The Law School community lost one of its giants this week. Professor Bernard Meltzer '37 served on the Law School faculty from 1946 until his retirement in 1985, but he continued to be a daily presence in the building until very recently. Professor Meltzer was an extraordinary teacher and scholar, and one of the world's leading authorities in labor law. Prior to joining the faculty, he had an incredible career in government service. Shortly after graduating from the Law School, he worked for the SEC and in private practice, and then was called into service during the years before America's entry into World War II. He served in both the State Department and the National Defense Advisory Commission and then as a commissioned Officer in the Navy in the Office of Strategic Services. After the war he assisted in drafting the charter of the United Nations and then served as a prosecutor at the Nuremberg International War Trials. After his service was over, he joined the Law School faculty, and we were honored to have him here for the rest of his career.
During his time at the Law School, he created the first course in international organizations and made his name teaching and writing in labor law and evidence. Among many other things, he developed the idea for the Law School’s famous Jury Project, advised attorneys representing clients during the McCarthy Era and also successfully represented clients in loyalty investigations, and served as a salary arbitrator for Major League Baseball.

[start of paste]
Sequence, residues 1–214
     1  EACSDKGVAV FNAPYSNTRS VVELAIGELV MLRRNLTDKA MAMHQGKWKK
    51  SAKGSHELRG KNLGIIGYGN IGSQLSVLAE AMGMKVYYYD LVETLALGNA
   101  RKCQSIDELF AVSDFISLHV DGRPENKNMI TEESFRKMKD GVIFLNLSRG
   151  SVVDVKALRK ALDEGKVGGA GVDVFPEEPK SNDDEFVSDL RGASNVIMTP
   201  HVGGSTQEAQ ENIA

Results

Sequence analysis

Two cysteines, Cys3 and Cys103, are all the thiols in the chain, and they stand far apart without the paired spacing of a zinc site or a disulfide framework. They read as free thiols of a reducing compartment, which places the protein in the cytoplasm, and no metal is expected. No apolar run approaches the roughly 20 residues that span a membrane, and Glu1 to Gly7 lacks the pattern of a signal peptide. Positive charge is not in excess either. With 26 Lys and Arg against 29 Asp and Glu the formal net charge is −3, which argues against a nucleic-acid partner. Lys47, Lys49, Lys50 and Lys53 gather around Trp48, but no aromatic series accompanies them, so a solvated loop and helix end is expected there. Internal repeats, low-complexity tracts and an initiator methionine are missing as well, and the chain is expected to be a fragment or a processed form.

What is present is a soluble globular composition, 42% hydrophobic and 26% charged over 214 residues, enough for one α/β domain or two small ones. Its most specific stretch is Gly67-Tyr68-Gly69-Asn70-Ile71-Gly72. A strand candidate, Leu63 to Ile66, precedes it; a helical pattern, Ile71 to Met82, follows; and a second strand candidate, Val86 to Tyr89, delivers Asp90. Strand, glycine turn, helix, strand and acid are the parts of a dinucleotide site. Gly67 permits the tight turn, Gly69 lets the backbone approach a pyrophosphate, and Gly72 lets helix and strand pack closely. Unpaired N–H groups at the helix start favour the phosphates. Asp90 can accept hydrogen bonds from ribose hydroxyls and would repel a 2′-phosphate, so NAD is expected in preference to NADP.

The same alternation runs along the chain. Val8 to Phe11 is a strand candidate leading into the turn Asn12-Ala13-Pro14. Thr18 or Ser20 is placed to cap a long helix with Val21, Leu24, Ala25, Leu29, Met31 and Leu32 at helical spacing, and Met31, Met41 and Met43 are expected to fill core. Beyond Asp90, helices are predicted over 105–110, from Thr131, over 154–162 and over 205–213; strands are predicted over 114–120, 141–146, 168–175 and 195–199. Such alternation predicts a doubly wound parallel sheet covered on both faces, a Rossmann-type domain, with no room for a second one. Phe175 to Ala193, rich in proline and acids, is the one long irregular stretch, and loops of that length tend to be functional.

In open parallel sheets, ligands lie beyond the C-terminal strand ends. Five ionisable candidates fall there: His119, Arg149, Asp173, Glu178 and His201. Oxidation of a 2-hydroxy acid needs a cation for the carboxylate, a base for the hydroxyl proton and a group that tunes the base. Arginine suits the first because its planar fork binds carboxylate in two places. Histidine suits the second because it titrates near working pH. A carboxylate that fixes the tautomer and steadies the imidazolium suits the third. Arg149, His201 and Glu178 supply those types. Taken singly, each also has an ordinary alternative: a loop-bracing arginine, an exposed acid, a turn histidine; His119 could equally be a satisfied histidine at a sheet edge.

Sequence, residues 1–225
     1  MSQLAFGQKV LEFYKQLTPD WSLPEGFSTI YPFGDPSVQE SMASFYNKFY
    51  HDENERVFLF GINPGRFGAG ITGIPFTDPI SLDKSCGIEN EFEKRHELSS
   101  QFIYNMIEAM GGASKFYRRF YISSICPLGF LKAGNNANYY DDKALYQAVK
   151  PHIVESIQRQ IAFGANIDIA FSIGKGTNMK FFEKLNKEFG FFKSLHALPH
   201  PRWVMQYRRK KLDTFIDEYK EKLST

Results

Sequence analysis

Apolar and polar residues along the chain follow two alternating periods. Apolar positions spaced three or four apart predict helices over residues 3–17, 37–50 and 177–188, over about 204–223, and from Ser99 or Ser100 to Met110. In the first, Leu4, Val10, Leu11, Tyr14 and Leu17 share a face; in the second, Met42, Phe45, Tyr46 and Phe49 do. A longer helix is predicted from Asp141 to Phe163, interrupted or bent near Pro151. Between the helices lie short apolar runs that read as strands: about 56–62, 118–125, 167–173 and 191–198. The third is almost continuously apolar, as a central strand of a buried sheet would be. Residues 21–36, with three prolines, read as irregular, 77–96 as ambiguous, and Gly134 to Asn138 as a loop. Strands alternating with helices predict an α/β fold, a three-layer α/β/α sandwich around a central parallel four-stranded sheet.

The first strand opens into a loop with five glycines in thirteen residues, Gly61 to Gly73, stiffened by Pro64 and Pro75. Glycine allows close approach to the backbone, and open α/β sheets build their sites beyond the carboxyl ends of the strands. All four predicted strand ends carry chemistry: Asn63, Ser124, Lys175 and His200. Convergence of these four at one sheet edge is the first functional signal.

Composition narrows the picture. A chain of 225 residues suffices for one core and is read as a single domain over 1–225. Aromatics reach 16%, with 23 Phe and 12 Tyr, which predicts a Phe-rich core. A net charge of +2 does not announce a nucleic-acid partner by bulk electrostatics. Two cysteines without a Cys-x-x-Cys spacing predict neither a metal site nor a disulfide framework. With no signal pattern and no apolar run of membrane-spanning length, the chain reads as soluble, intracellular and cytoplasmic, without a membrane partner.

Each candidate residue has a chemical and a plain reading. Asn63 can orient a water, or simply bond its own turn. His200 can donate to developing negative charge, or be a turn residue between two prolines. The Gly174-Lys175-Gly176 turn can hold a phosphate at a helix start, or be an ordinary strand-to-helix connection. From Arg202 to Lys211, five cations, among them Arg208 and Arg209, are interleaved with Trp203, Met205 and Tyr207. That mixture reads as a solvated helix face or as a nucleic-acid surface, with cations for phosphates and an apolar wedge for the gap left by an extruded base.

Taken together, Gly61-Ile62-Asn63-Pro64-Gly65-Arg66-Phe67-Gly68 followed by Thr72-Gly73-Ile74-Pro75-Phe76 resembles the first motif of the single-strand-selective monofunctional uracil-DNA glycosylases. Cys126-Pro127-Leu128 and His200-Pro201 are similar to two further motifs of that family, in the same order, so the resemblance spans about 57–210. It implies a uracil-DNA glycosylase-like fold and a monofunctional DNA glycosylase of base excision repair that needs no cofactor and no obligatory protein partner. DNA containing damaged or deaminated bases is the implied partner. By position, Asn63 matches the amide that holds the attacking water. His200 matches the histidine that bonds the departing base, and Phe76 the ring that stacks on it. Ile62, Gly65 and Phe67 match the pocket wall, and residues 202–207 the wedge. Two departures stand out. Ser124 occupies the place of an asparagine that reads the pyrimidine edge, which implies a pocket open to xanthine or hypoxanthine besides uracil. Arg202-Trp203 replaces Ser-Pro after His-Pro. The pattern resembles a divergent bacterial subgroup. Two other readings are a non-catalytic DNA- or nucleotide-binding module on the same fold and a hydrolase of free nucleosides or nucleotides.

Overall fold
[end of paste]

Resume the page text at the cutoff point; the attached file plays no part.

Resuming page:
To those of us who knew Bernie (as we affectionately called him) in his later life, he was the man who was always around, always knew everyone's name, and always had a smile, a kind word, and a keen insight for you. He took the stairs up several flights to his office every day (when those many decades younger took the elevator), and always seemed to know exactly what was going on around here, no matter how small. His mind remained sharp to the very end, and he mentored and taught many generations of students - and colleagues. We will miss him very much.
Ordinarily, this blog deals with lighter topics, but we thought it was important to show you this aspect of our community. Please click here to read more about Professor Meltzer's life, and visit our home page to see a selection of photos of the man at work.